What’s your background?
I have a master’s degree in computer science. About half my career has been working on general software (like the Opal outliner and the built-in book reader for Apple Newton), and the rest on computer games (including paid gigs at Shenandoah Studio and GameHouse).
How did you get into the industry?
I first started working with computers for money while in high school, though this was more keypunching and other operations-type things for the library and the school district than actual programming. I did some of that while in college.
My first game writing was for the fanzine Alarums & Excursions, which was my initial connection with Robin Laws.
I got into the overall game industry by writing articles and reviews for game magazines like Different Worlds and Space Gamer. This connected me with people like Greg Stafford and Forrest Johnson.
I was also part of the community of Glorantha fans, both online and at conventions. That’s certainly how I ended up being able to do King of Dragon Pass with Robin Laws (he writes about our meeting at Glorantha Con 4).
What was the first gaming product you worked on, and in what capacity?
The first two digital games I made aren’t really products. I made an American football game while I was in middle school. My friend and I played it on the Olivetti Programma 101. You’d pick a play by running a secretly-chosen magnetic card though the reader, the defender would type something, and then the offense could type an “audible” to react. We had to keep track of field position and score separately, since each play was reprogramming the device from scratch via the card.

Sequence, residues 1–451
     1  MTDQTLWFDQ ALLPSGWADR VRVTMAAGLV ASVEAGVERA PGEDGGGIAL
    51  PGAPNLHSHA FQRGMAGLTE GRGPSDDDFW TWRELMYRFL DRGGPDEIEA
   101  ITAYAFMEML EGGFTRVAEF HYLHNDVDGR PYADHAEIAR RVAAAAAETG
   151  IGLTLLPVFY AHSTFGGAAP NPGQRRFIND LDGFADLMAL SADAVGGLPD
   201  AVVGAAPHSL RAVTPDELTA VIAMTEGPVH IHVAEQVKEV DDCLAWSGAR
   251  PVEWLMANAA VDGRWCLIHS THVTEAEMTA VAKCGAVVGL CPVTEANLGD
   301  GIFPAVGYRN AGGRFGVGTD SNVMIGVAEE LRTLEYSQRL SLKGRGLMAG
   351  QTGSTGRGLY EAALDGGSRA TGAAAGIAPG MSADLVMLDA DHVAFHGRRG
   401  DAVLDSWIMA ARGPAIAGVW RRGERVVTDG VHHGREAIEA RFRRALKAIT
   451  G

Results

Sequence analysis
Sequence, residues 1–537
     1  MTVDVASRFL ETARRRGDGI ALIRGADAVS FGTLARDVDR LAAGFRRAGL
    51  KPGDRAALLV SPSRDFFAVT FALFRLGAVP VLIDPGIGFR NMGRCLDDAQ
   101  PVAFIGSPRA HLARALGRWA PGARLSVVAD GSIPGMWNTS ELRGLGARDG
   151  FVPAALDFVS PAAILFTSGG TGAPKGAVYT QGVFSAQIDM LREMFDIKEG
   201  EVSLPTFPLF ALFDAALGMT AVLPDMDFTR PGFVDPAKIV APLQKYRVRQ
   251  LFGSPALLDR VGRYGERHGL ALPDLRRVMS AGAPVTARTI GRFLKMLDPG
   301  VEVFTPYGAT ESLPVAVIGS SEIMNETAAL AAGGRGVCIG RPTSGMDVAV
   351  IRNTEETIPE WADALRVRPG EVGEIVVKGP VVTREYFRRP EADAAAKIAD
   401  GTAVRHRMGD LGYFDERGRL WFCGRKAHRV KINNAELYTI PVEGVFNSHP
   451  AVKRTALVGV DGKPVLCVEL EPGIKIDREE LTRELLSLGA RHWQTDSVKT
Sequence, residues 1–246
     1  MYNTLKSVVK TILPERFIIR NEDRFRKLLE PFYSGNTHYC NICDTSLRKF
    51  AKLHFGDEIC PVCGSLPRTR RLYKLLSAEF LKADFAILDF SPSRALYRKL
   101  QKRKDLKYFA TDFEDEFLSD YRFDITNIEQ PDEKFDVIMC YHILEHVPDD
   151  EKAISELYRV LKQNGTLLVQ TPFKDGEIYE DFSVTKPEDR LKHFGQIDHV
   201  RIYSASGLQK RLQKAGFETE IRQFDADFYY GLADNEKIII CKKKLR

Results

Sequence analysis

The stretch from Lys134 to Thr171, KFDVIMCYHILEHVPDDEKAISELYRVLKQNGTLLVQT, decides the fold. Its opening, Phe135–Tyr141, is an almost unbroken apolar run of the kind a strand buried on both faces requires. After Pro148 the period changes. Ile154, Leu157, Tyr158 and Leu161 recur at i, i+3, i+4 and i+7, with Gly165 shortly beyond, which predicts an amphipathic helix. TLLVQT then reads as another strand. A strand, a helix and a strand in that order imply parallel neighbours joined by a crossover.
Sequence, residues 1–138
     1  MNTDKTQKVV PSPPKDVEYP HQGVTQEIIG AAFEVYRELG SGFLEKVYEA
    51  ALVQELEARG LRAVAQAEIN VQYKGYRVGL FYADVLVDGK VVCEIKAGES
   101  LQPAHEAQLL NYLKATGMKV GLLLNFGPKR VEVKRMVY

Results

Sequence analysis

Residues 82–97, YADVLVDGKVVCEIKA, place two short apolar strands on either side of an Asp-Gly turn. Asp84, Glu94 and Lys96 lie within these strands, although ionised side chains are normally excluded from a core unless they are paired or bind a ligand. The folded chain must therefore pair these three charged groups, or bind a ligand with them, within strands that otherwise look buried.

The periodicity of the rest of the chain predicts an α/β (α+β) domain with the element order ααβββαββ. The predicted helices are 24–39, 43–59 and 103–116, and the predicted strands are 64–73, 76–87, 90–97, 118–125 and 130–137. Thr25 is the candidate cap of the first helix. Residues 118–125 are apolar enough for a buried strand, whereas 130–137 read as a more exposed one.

And I collaborated with Forrest Johnson on a text adventure game which was probably too ambitious, and was never finished. I was the programmer, and Forrest did the text. We had a nice working prototype, but were trying to come up with a system that could handle almost anything. Basically, it was an engine for parser-based text games.
How were you introduced to Glorantha?
Technically it was because a friend and I were looking to play something together, and I bought a copy of White Bear & Red Moon. I’m not sure we ever did play it. I did send in the included postcard, and Greg Stafford sent back a copy of his zine, which expanded the game a little and had some information about the setting. I don’t think any of it really stuck (though I saved the copy of Wyrms Footnotes).
My real introduction was through RuneQuest and Cults of Prax, which fleshed out Glorantha enough to be truly complelling. I played in Ron Boerger’s campaign which quickly ended up in Pavis and the Big Rubble, wandered up to Griffin Mountain, and spent time in the Borderlands. (My character in Ron’s game makes an appearance in King of Dragon Pass.)
What inspired the format of King of Dragon Pass?
Greg Stafford and I worked up the basic game structure, first by mail and eventually in person. For me, the big inspiration was the 1991 computer game Castles, designed by Scott Bennie. The basic game was about building castles, and defending them against attackers. There were also random interruptions, where you had to make decisions about minor crises, such as your workers being terrified by a werewolf. I found this more interesting than making castles and wanted to make this a core part of the game, rather than something that didn’t seriously affect game play.
The Icelandic family sagas were a big factor too — plucky settlers farming and adventuring over multiple generations.